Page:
Japan's electronics industry
forced to eliminate tens
of thousands of jobs

NEC Corp's announcement on Thursday that it would cut 10,000 jobs globally followed a decision by electronic parts maker TDK Corp in October to slash 11,000 jobs, with both being examples of the tough decisions firms in the electronics industry are being forced to make.

According to NEC's consolidated financial settlement for fiscal 2011 ending March 31, NEC expects a net loss of 100 billion yen (US$1.30 billion), though it projected 15 billion yen ($195 million) in net profit in the forecast announced in October. NEC has projected after-tax losses for two consecutive periods.

The gloomy figures are mainly a result of a slowdown in the company's Personal Solution Business area, which deals with cell phones and personal computers. Sales in this area fell to 675 billion yen, down 11.9 per cent from a year earlier.

In the domestic cell phone market, NEC has lost ground to foreign companies such as Apple and Samsung Electronics because the company lagged in the development of smartphones.

As a result, NEC downwardly revised its target for cell phone shipments for fiscal 2011 from 6.5 million to 5 million.

NEC also has been struggling overseas. Due to the economic crisis in Europe, local telecommunications companies decreased their investments in communication devices. NEC expects sales in its Carrier Network Business to drop by 70 billion yen from its forecast in the previous period.

The flooding in Thailand is expected to lower sales by 22 billion yen, while net operating profit is forecast to drop by 9 billion yen.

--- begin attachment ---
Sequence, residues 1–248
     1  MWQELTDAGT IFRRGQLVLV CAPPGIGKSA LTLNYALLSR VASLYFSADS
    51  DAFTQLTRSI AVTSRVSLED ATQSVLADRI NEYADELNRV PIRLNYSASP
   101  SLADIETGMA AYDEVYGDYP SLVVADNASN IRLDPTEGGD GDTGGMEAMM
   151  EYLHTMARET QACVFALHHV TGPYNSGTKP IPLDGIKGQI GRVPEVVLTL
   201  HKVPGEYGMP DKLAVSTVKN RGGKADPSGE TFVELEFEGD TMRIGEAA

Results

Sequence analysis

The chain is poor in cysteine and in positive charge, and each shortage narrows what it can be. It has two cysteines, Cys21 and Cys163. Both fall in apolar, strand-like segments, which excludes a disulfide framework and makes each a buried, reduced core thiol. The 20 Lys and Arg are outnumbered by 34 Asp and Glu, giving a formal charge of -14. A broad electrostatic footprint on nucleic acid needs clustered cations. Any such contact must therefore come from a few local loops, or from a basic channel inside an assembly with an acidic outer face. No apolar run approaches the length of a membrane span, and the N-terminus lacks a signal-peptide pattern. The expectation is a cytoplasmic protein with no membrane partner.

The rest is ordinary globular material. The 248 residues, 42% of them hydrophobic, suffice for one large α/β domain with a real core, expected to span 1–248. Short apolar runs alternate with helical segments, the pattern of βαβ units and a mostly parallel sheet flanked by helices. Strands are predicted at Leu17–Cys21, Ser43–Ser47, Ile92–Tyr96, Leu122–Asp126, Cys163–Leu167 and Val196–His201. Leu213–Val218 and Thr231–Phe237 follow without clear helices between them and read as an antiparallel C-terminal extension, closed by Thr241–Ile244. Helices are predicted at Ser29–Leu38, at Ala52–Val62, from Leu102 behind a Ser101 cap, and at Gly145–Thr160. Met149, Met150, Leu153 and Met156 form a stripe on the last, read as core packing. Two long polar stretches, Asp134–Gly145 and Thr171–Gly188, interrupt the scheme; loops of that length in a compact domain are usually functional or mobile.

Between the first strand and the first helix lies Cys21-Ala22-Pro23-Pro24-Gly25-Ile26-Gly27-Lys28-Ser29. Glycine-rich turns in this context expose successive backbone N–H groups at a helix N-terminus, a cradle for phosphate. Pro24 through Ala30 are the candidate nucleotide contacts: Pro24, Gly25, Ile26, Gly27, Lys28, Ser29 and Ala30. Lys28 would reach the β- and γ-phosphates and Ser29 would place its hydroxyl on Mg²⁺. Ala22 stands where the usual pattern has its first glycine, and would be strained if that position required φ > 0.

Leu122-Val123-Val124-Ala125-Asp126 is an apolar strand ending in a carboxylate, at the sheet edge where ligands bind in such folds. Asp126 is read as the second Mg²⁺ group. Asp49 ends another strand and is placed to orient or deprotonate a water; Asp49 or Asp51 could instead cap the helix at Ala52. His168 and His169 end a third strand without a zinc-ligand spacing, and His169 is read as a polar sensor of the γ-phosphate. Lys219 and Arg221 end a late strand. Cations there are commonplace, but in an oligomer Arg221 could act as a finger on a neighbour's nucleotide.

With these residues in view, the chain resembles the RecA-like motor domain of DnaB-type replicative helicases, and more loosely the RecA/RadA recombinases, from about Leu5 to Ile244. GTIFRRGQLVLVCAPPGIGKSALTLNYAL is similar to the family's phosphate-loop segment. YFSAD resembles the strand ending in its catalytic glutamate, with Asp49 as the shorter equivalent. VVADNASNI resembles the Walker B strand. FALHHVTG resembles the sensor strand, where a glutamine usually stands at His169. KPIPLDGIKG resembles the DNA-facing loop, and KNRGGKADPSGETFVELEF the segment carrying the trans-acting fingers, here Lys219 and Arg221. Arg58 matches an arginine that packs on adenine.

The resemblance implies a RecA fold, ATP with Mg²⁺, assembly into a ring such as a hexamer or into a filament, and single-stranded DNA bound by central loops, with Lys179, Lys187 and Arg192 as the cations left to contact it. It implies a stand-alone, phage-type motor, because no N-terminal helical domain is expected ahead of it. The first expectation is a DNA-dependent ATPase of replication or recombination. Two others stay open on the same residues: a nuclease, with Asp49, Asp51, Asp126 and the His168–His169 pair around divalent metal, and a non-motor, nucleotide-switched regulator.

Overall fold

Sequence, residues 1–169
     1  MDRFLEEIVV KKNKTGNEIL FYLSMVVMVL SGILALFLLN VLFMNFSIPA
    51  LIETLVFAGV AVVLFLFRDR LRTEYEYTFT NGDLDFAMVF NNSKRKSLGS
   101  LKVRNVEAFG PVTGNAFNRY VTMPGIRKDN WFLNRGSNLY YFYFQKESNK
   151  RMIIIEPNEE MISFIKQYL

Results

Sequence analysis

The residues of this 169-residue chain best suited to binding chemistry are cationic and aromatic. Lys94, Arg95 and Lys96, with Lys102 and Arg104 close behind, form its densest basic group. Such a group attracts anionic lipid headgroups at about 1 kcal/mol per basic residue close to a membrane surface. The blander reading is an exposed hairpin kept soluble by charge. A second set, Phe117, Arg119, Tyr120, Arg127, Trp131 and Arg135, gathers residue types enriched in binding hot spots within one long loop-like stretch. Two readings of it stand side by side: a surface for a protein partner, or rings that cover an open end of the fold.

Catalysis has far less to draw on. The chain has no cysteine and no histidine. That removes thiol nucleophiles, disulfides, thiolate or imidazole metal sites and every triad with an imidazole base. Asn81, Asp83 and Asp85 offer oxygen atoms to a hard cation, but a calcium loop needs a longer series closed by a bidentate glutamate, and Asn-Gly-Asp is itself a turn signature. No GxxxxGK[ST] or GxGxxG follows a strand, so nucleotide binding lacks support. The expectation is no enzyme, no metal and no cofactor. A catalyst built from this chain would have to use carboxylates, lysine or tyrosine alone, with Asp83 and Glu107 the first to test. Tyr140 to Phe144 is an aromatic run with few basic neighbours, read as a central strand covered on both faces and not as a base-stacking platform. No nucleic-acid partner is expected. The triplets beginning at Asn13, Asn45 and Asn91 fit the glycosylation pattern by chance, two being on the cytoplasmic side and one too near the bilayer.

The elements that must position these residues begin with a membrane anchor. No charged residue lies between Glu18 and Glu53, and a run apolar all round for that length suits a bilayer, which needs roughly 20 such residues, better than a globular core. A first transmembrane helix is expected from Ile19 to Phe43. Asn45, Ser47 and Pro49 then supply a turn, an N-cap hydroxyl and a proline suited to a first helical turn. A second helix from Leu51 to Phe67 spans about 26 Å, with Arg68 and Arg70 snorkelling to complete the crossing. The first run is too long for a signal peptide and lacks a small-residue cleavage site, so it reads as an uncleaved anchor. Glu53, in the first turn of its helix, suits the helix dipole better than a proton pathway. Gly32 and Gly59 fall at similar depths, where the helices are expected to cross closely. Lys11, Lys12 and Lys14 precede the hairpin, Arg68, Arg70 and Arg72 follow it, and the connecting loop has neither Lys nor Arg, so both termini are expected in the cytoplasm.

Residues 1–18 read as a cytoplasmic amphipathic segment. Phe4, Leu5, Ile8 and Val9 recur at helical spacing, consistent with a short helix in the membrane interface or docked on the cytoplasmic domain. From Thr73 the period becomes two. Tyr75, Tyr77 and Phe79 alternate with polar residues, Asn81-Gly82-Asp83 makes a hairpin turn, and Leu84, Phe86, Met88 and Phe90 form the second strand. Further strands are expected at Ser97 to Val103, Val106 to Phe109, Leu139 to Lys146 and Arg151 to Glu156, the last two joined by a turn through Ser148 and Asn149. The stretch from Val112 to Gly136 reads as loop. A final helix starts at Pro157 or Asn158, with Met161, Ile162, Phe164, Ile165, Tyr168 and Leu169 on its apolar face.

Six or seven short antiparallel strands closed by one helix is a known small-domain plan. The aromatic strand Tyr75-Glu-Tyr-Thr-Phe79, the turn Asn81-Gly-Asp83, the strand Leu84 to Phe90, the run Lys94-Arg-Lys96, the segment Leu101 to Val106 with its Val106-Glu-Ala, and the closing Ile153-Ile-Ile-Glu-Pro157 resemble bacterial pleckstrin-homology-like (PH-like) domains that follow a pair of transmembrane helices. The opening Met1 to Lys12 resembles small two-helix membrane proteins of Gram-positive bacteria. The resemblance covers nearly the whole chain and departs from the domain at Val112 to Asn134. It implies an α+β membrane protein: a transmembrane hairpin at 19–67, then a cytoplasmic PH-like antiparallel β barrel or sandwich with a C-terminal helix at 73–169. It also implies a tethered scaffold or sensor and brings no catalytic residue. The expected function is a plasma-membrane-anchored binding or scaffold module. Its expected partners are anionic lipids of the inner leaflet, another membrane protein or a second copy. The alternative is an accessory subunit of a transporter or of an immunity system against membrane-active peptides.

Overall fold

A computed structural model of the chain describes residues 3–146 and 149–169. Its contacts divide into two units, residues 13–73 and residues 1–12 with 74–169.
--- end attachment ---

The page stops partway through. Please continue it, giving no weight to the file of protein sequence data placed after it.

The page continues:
Electronic parts factories were damaged by the flood, and hard disk drives became in short supply, causing a disruption in the production of personal computers.

At a press conference on Thursday, NEC President Nobuhiro Endo said, "We'd like to strengthen the company through structural reforms."

In accordance with its decision to cut about 10,000 jobs, NEC announced Thursday it would strengthen cooperation with manufacturers in other countries in product development and production.

In January 2009, NEC announced it was cutting about 20,000 jobs, mainly in sluggish semiconductor and liquid crystal display-related businesses.

However, NEC's earnings in the cell phone and server businesses are unstable due to price wars with emerging countries.

This poses a problem not only for NEC but for all electronics makers.

TDK announced in October that it would reduce its staff by about 12 per cent. Toshiba Corp announced in November it would close three semiconductor-related factories, including its oldest factory in Kitakyushu.

Panasonic Corp has been carrying out its plan to reduce its 385,000-person workforce to 350,000 by the end of March.

Amid a difficult management environment due to the strong yen and power shortages in the wake of the March 11 disaster, this streamlining trend could continue.

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